My concern for each of you though is that even if your voice does not godown in any formal recorded historical moment, if you have any concerns about your wellbeing through this next twelve months, speak up.  We want to also care for you.  If you need at any time to share any concern about our behaviour that is both unbecoming, and contrary to our desire to provide a dignified life to our residents, then please share that with us too, so that we all be a “David” and improve how we provide our services.

Folks, I pray and hope that your 2018 Christmas brings you much joy, peace,and blessing, and that you have at least some time to reflect of the enormity of the coming of Jesus into the world – not to destroy the world, but to saveit!God bless you all – and Happy Christmas!

Minimum – What Ratios?

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I have never been a great advocate for regulated minimum staffing ratios, but prefer regulation of the things that are really important around provision of care services to the people, our care recipients.  If you like, having enough of the right people at the right time, and not just to fulfil a compliance requirement around the number of pairs of hands.

In completing this Review my own views around staffing, quality of care, industrial considerations and the like have changed – for the better.  It remains to be seen if those with the capacity to make an even more profound difference to improve care outcomes for frail, vulnerable, mainly elderly recipients of care – the Australian Government and Parliament – will actually choose to support those whom we serve.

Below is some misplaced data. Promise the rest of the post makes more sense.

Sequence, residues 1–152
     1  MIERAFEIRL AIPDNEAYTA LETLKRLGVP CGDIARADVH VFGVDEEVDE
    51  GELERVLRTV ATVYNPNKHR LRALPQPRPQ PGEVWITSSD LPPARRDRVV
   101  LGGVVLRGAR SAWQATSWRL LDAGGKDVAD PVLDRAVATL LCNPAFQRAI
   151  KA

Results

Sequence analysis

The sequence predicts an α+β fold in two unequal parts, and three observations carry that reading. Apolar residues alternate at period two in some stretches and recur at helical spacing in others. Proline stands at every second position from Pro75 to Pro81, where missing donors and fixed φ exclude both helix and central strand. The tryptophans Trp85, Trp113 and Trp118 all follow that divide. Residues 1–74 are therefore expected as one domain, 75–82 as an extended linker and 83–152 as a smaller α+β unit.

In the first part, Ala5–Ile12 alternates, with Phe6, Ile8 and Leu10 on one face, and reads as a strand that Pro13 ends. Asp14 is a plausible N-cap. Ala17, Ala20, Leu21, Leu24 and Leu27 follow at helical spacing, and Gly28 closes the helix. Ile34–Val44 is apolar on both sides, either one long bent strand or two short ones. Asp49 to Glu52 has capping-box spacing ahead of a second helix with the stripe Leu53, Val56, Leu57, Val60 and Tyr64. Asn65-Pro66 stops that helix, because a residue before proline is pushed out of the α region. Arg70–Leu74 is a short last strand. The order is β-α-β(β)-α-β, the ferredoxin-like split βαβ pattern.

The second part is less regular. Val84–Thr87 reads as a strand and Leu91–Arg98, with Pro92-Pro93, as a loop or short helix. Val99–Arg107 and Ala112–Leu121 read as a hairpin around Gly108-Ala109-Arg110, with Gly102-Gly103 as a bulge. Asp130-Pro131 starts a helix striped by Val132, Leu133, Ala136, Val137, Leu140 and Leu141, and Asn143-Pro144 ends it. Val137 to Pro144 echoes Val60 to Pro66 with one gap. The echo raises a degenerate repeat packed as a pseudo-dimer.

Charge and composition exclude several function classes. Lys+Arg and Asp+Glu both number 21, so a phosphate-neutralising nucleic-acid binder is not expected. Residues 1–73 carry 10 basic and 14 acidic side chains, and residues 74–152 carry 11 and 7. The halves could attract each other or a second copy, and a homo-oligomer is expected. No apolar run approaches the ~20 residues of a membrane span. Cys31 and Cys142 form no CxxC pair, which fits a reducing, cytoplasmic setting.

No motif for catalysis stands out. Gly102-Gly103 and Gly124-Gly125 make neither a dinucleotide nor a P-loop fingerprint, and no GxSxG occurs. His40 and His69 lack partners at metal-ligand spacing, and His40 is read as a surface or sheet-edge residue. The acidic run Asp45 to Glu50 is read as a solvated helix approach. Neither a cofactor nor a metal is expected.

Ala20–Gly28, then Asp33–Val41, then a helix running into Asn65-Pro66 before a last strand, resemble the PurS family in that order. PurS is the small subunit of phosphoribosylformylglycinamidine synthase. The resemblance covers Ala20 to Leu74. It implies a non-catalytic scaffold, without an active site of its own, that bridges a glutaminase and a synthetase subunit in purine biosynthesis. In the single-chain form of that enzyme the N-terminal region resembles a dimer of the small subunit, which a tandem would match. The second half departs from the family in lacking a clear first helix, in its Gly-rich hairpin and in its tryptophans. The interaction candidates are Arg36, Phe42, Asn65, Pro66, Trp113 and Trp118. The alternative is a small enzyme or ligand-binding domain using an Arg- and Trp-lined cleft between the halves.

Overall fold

Introduction

It seems that in Australia rarely a month goes by where the public is not informed of another aged care failing.  There is wide spread public perception of a lack of care and low quality of life for residents within the aged care system.  The call for greater regulation of minimum staffing standards and additional funds to meet them is prominent but seems to fall on deaf ears of the Australian Government.

Without residential aged care provision, residents would likely be inpatients in State based hospitals at several times the daily cost of care of a residential aged care facility.  However, the proportion of funds spent on care and service provision should be acquitted on what really matters – the care of people.